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Solder eager to make impact on and off the field


Offensive tackle Nate Solder disussed making a difference both on the field and in the community:

EAST RUTHERFORD, N.J. – Nate Solder is more interested in being a savior off the field than on it.

In addition to his outstanding play on the field, the Giants' new left tackle is one of the NFL's most community-minded players. He was the New England Patriots' 2017 Walter Payton Man of the Year nominee. The award recognizes an NFL player for outstanding community service activities off the field, as well as excellence on the field. Eli Manning and Arizona wide receiver Larry Fitzgerald were co-winners of the award in 2016.

On a conference call today, Solder was asked if there is pressure in being the NFL's highest-paid offensive lineman. If there is, it's in ensuring he spreads his wealth to those he can help. A religious man, Solder has overcome testicular cancer, and his two-year-old son, Hudson, is undergoing treatment for kidney cancer.

"I think it's a shame on me if the money only helps the Solder family," he said. "My belief is that this money has been entrusted to me not for the personal comfort and security, but for an actual impact that we can have on our community and the people around us. I'm just such an imperfect person - I'm going to make mistakes, so I have to rely on Jesus. We have all through our suffering with our son and everything that goes on in life, so we have to do the same thing with our rejoicing and when things are going well, we have to rely on him. But by God's grace if we joyfully look forward to the momentary impact for the New York Giants, a lifetime of impact on our communities, and an eternal impact for the kingdom of God, me and my family could not be more thankful and excited, so it's just a great time.

"I couldn't have ever expected this, but we believe that it's God's wishes, not ours, to make the impact in our communities - for the kingdom, for people that are less fortunate than us. It's nothing about us having a bigger house, a nicer car, anything like that. So like I said, shame on me if it's just about us."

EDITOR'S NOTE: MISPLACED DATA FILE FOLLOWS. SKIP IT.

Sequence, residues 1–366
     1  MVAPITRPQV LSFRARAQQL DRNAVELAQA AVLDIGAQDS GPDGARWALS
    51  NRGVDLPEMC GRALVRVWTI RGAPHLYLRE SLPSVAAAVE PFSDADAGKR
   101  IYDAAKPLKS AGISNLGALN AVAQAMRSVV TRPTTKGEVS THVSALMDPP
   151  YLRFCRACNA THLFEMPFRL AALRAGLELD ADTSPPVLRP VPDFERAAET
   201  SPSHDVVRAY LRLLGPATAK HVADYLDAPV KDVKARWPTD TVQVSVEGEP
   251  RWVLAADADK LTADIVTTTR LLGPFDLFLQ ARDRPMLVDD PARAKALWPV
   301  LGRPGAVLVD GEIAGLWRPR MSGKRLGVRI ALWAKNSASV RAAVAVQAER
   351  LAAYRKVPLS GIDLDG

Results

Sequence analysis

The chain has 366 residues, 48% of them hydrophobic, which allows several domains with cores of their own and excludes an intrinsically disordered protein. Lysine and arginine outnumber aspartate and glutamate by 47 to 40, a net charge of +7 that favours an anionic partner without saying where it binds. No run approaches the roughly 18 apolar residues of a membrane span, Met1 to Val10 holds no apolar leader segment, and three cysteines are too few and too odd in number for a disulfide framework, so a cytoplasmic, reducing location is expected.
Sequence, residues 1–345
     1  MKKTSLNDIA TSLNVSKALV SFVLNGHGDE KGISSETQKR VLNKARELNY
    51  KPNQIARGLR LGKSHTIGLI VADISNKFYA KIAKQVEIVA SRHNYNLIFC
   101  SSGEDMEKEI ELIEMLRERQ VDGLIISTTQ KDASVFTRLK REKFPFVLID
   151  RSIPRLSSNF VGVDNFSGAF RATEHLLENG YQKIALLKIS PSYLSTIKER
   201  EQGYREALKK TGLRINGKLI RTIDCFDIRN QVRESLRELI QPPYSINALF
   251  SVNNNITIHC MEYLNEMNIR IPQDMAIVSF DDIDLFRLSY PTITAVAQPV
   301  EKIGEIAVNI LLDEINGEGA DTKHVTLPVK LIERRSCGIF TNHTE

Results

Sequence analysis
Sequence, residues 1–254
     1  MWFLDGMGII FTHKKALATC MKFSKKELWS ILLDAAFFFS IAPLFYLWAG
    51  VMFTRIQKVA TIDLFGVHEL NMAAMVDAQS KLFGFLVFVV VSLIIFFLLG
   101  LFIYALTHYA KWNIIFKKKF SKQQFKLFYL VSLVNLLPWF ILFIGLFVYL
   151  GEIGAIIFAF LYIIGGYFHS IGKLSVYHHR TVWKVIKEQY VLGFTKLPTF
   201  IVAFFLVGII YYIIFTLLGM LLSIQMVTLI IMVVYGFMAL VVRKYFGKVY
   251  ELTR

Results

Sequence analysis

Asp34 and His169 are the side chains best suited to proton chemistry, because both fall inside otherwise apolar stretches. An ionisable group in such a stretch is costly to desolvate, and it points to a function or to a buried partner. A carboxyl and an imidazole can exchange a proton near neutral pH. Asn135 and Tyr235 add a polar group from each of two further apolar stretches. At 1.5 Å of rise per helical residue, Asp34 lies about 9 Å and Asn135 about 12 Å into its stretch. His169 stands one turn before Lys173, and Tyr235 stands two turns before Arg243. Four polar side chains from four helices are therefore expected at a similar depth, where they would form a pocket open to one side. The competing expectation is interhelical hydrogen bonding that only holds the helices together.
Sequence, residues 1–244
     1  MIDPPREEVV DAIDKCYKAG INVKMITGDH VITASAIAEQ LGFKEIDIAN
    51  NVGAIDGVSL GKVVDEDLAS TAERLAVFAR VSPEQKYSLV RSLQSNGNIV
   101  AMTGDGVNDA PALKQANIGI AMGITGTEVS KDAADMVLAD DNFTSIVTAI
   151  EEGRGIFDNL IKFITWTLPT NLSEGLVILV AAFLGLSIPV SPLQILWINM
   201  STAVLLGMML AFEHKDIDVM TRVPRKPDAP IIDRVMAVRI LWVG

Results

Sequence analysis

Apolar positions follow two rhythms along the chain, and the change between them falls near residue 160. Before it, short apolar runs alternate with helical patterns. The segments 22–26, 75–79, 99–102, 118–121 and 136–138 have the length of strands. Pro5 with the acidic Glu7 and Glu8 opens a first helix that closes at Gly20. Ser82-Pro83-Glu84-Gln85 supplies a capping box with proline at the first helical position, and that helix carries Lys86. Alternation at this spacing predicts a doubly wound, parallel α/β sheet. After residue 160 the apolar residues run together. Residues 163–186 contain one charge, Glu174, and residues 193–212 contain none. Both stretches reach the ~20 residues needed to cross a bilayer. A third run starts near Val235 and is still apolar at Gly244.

Solder spoke about his son's battle with cancer in a very public forum prior to last month's Super Bowl LII. He did so again today when asked about Hudson's progress.

"He's doing awesome, really awesome," Solder said. "We're so thankful. He has one more treatment left and tentatively they're going to do scans, they're going to do different things. … So maybe for now he'll be done with chemo, and they do that all very conservatively. Because they know that things can change and it's never over, but we're all very encouraged and very excited with the way his treatments have gone."

On the field, Solder will anchor a Giants offensive line that will look significantly different than the 2017 version. Former left tackle Ereck Flowers will move to the right side. Solder played that position as a rookie, and with 114 regular season and postseason games under his belt, he can certainly help the fourth-year pro make the transition.

"I'm excited to get to play with him and all those guys, because he's a talented guy," Solder said. "All the decisions and all the coaching and all that sort of thing, I leave that up to the coaches. I'm going to be the best I can to do what I can - lead by example and it's a group effort. It's not going to be one player, so I don't have the mentality that I'm going to come in and make this huge impact, change the culture and all this kind of stuff. I'm just coming in to play football and be myself and do what I can."

But there's no question that Solder will be the most significant newcomer on a line that seeks a sharp upgrade in performance under general manager Dave Gettleman and coach Pat Shurmur.

While he is the most accomplished player in the group, Solder insists he's just one cog in the machine.

"I think that it's going to be a whole group effort," Solder said. "I don't think one particular player is going to change the whole thing. So with everyone that is already there that I know and anyone that is coming in, we're just going to have to work as hard as we can. It's going to be an uphill process and that's not saying anything about the past, it's just that the NFL is a difficult, difficult league and we're going to have to be the best that we can be to perform at a high level."

*Outside linebacker Kareem Martin, also signed yesterday, played with new Giants defensive coordinator James Bettcher for four years in Arizona. He believes he can make an immediate positive impact on the defense, because of his skill and his position.

"This defense - I feel like the outside linebacker position is probably the most important," Martin said. "We have the most responsibilities. We're expected to set the edge on the run, rush the quarterback and drop in coverage. As far as a learning curve goes, there is a slight learning curve, but J.B. when he was in Arizona, he started with the outside linebackers. So he spends a lot of time with those guys to make sure that we understand the in's and out's of the defense, because he's going to expect a lot from us in that position. So he's going to do his due diligence and spend the time with us to make sure that each individual in there can play to the best of their abilities in this defense."

Photos of new Giants linebacker Kareem Martin, who previously played for the Cardinals.

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